Backgrounder : Future Skills Council and Future Skills Centre
In February 2019, the Government introduced Future Skills to help ensure that Canada’s skills development policies and programs are “future-fit.” It was created in response to recommendations by the Advisory Council on Economic Growth and the Forum of Labour Market Ministers. The Government is investing $225 million over four years, starting in 2018–19, and $75 million per year thereafter, in Future Skills to:
- examine major trends that will have an impact on national and regional economies and workers;
- develop, test and evaluate innovative approaches to help Canadians gain the skills they need to adapt and succeed in the workforce;
- identify emerging skills that are in demand now and in the future;
- help Canadians make informed training decisions; and
- share results and best practices with governments, private sector, labour, educational training institutions, not-for-profit organizations, academics and subject matter experts to support broader adoption of innovative approaches.
Future Skills includes:
- the Future Skills Council, a ministerial advisory body that brings together multi-sectoral leaders to advise on skills and workforce trends, and identifies and promotes areas for action of pan-Canadian significance; and
- the Future Skills Centre, an independent innovation and applied research centre that identifies emerging in-demand skills, and that prototypes, tests and measures new and innovative approaches to skills development and training.
Evidence generated by the Council and the Centre is informing Government action to ensure that Canada’s skills development programs adapt and respond to the evolving needs of jobseekers, workers and employers.
Future Skills Council
The Council’s mandate complements existing efforts, such as the Labour Market Information Council, which was established in April 2017 following an endorsement by the Forum of Labour Market Ministers. The Labour Market Information Council works to identify and implement pan-Canadian priorities for the collection, analysis and distribution of labour market information.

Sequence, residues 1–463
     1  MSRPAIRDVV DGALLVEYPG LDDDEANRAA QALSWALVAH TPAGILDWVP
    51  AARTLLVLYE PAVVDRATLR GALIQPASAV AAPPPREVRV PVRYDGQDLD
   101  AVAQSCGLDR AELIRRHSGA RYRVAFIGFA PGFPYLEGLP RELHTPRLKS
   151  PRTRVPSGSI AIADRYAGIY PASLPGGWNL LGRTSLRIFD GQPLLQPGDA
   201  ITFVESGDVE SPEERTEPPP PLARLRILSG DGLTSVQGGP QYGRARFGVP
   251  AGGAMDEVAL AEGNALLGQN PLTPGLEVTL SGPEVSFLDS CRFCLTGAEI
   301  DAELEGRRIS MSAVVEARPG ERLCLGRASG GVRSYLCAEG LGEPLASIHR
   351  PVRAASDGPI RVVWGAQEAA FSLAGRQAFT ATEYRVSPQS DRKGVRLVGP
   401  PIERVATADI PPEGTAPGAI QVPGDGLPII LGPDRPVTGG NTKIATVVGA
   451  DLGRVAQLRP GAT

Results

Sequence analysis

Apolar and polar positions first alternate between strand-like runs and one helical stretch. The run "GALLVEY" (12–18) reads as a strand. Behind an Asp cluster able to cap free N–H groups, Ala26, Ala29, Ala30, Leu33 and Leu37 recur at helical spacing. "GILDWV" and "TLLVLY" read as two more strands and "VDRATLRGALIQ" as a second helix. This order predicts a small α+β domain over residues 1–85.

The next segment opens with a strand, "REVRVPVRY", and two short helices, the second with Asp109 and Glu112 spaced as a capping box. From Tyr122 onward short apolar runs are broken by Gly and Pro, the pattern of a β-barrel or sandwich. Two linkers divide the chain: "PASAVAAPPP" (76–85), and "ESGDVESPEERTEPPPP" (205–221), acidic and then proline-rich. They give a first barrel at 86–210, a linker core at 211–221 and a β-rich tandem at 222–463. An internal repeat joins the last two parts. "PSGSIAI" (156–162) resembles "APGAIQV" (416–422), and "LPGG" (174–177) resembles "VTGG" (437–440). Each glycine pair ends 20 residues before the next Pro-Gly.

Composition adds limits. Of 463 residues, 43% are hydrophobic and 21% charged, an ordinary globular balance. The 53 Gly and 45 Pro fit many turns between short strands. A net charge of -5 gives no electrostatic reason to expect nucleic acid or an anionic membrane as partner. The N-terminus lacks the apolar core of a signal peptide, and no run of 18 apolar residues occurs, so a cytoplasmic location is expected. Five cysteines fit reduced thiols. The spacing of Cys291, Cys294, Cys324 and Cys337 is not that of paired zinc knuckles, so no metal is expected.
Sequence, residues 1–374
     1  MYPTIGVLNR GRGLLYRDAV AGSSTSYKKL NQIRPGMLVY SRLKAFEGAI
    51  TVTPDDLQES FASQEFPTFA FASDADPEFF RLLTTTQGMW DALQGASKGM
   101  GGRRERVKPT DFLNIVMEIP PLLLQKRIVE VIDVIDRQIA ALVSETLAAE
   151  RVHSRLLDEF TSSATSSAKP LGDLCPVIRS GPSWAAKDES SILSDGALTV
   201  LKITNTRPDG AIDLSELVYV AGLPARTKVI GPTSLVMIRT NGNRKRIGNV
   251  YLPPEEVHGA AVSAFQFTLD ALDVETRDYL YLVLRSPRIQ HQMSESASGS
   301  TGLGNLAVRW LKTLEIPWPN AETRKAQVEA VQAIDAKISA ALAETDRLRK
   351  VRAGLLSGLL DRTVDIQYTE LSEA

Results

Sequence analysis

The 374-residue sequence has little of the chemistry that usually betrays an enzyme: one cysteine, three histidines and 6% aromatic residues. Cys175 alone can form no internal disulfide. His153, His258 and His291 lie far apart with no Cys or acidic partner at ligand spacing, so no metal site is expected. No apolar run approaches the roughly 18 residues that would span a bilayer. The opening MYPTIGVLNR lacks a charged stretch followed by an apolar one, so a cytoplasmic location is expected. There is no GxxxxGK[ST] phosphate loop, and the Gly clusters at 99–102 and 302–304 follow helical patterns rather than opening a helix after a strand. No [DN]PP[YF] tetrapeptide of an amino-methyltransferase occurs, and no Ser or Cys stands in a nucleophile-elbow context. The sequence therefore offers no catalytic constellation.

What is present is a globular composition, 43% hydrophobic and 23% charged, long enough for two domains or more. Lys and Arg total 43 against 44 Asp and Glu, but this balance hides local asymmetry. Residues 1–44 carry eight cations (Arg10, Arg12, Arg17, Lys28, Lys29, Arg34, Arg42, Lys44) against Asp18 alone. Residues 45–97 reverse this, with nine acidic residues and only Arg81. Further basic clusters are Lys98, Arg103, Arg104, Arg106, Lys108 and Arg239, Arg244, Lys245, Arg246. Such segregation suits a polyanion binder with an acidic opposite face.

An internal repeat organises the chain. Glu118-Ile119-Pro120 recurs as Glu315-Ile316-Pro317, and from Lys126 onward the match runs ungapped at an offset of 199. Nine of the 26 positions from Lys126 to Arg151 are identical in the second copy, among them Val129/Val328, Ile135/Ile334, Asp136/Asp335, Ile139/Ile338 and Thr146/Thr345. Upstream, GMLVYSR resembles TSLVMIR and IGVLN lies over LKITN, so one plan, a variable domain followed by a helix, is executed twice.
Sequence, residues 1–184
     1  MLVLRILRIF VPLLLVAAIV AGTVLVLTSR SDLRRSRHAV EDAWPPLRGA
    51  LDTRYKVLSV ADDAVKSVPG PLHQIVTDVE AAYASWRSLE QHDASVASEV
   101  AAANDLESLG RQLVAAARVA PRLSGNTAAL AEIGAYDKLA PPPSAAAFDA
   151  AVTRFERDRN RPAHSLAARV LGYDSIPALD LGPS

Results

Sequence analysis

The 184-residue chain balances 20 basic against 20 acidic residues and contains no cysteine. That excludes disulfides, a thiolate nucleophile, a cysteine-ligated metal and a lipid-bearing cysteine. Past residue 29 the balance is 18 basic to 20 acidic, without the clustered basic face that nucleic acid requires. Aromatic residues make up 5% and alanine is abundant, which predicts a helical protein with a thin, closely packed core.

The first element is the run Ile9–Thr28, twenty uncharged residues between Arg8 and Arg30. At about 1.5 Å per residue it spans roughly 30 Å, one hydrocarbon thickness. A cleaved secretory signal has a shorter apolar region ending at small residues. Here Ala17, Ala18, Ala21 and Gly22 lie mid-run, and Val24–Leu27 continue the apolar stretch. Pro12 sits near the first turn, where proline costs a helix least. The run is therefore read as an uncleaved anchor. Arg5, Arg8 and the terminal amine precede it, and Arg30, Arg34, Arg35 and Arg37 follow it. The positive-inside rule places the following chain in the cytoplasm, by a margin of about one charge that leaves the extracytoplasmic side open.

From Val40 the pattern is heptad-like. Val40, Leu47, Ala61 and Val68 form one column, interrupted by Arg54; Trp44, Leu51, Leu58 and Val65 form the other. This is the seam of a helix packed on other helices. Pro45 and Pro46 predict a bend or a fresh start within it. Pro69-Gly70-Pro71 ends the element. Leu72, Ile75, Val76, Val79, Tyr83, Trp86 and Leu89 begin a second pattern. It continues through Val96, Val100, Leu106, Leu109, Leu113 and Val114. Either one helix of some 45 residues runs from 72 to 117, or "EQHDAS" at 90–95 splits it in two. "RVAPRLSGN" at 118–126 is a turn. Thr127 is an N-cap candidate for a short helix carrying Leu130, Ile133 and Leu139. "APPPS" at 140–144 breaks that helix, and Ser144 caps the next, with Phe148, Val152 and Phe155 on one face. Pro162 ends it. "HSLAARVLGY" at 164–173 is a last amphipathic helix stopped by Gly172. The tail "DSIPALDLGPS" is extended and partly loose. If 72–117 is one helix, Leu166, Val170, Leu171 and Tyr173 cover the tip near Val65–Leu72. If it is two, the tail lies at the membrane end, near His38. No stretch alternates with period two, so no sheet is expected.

Council members include:
- Denise Amyot, President and Chief Executive Officer, Colleges and Institutes Canada
- Jeremy Auger, Chief Strategy Officer, D2L
- Judy Fairburn, Board Director, Calgary Economic Development
- Thierry Karsenti, Ph.D., Canada Research Chair on Technology and Education, University of Montréal
- Lisa Langevin, Director, Equity and Engagement, Industry Training Authority
- Mike Luff, National Representative, Canadian Labour Congress
- Amanda Kilabuk, Executive Director of Tungasuvvingat Inuit
- Dr. Alexander (Sandy) MacDonald, President and Chief Executive Officer, Holland College
- Gladys Okine Ahovi, Executive Lead, Canadian Council for Youth Prosperity
- Melissa Sariffodeen, Chief Executive Officer and Co-Founder, Canada Learning Code
- Kerry Smith, Senior Director, Manitoba Métis Federation
- Dana Spurrell, Assistant Deputy Minister, Workforce Development, Labour and Immigration, Ministry of Advanced Education, Skills and Labour, Government of Newfoundland and Labrador, and Provincial/Territorial Co-Chair of the Forum of Labour Market Ministers Senior Officials Table
- David Ticoll, Chair, National Stakeholder Advisory Panel, Labour Market Information Council, and Distinguished Fellow, Innovation Policy Lab, Munk School of Global Affairs and Public Policy, University of Toronto
- Valerie Walker, Chief Executive Officer, Business + Higher Education Roundtable
- Rachel Wernick, Senior Assistant Deputy Minister, Skills and Employment Branch, Employment and Social Development Canada, Government of Canada
Dr. Paulette Tremblay, former Chief Executive Officer of the Assembly of First Nations, and Michelle Snow, former Assistant Deputy Minister, Workforce Development, Labour and Immigration, Ministry of Advanced Education, Skills and Labour, Government of Newfoundland and Labrador, also contributed to the report.
Future Skills Centre
The Future Skills Centre is an independent pan-Canadian organization that prototypes, tests and measures new and innovative approachs to skills development and training.
It is funded by the Government of Canada and operated by Ryerson University, the Conference Board of Canada and Blueprint. The Future Skills Centre collaborates with provincial and territorial governments, Indigenous governments and organizations, education and training institutions and service providers, labour, for-profit and not-for-profit organizations across Canada.
Half of the Centre’s funding will address the needs of disadvantaged and underrepresented groups, including up to 20% to address the needs of youth. The Future Skills Centre identifies what works best for different people in different circumstances and disseminates its findings across all sectors to support broad public access to proven practices.
Report a problem or mistake on this page
- Date modified: